enetic testing aids U doctors in fight for young girl’s life

Craig Gustafson

While most people at the University have ambitious career goals and aspirations, one six-year-old Colorado girl has come to the University with one small goal — to be able to ride a school bus.
Molly Nash was born with two holes in her heart and without thumbs, hip sockets and part of her brain. Several reconstructive surgeries later, the effects of an often-fatal genetic disorder — Fanconi anemia — still linger.
Later this month, University doctors will use umbilical cord blood from her newborn brother, Adam, for a transplant physicians say is Molly’s best chance for survival.
Although cord blood transplants are nothing new, the high-tech genetic testing researchers are using to help Molly reach her dream is a first.
Researchers from Chicago’s Reproductive Genetics Institute conducted a pre-implantation genetic diagnosis on embryos from Molly’s mother, Lisa. The tests determined whether the embryos were free of the genetic disease and if the embryo would be a donor match for Molly.
Lisa, a neo-natal intensive care nurse, heard about the institute’s research and contacted them about helping her family.
“I was handed this beautiful girl with a potentially fatal disease,” she said. “We decided she was going to beat the odds. One way or another Molly is going to outlive us.”
The genetic testing is believed to be the first used to determine whether or not a child will have a disease and be a donor match.
Fanconi anemia is a progressive disease, resulting in bone marrow failure in all patients and leukemia in a significant portion. When the marrow fails, the blood no longer contains enough red blood cells to carry oxygen, white blood cells to fight infection or platelets to help the blood clot.
Both Molly’s parents are carriers of the disease. Although the parents remain completely healthy, they have a 25 percent chance of passing the disease on to their children.
Since the odds of an embryo matching tissue perfectly and being disease-free are slim, researchers created 15 test-tube embryos using the parents’ sperm and eggs.
“It’s easier for couples to conceive multiple children in a test-tube,” said Charles Strom of the genetics institute. “One cell was taken from each embryo, tested, and one healthy embryo that matched as a donor was transferred to the mother.”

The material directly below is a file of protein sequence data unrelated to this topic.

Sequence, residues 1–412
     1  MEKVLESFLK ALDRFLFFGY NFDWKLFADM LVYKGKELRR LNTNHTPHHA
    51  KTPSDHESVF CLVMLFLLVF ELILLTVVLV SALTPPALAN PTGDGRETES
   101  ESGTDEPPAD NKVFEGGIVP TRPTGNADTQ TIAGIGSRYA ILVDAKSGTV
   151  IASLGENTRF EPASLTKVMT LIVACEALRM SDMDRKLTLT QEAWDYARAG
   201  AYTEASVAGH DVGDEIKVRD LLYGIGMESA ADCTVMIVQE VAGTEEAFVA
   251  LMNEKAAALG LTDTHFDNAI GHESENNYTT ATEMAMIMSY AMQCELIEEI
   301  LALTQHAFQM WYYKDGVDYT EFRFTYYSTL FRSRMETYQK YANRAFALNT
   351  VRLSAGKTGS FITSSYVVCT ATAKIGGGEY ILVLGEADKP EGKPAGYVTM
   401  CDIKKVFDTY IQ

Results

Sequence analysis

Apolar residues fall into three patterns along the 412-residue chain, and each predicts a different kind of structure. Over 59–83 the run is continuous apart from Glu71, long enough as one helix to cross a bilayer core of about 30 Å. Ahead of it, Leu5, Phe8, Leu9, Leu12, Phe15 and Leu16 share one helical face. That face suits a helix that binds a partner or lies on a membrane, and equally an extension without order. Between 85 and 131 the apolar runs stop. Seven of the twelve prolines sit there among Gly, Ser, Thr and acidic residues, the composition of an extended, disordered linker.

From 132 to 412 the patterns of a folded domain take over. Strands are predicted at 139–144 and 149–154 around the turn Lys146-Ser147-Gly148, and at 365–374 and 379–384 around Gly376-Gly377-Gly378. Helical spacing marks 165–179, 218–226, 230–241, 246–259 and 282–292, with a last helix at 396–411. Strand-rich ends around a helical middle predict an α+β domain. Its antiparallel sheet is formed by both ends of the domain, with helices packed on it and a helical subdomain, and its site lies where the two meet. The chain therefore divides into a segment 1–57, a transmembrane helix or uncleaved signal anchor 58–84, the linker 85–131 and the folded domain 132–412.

That embryo developed into Adam, arriving Aug. 29 to save his big sister. His umbilical cord was saved and shipped to the University for future use.
Without the test-tube procedure, the Nashs would have needed to conceive a child on their own, wait 18 weeks to test for the disease and then possibly make a decision to abort.
“That was not an option for us,” Lisa said.
Doctors say having a related donor match is paramount. The transplant success rate increases to 85 percent with related donors compared to the 40 to 50 percent success rate of non-related donors.
Using umbilical cord blood rather than bone marrow also saves three-week-old Adam from enduring surgery to save his sister. Instead, all he had to do was be born.
But now comes the hard part for Molly.
Fairview-University Medical Center admitted her yesterday to begin treatment with five days of chemotherapy and radiation. Hair loss and flu-like systems are only a few of the side effects Molly will endure.
University cord blood specialist John Wagner said the treatment will destroy Molly’s bone marrow to make way for the injection of its replacement — Adam’s cord blood.
Surgery is set for Sept. 26.
“Molly will be closely monitored for side effects of the transplant. If all goes well, she will be back home within three months,” Wagner said.
Although some are calling the high-tech genetic testing a breakthrough, Molly’s father Jack said after watching his daughter go through eight surgeries in six years he’s not trying to make history.
“We really don’t look at it as being pioneers,” he said. “We just want a healthy baby.”
The procedure should prevent Molly from contracting leukemia, but Wagner is quick to point out that it is not a cure-all. Even if the surgery is successful, Molly is still susceptible to several cancers because of her condition.
Lisa said at least the transplant gives Molly a fighting chance.
“Six years ago there was no chance for her,” she said. “But now there are new procedures. Maybe six years from now there will be a cure for cancer.”

Craig Gustafson welcomes comments at (612) 627-4070 x3222. He can also be reached at [email protected]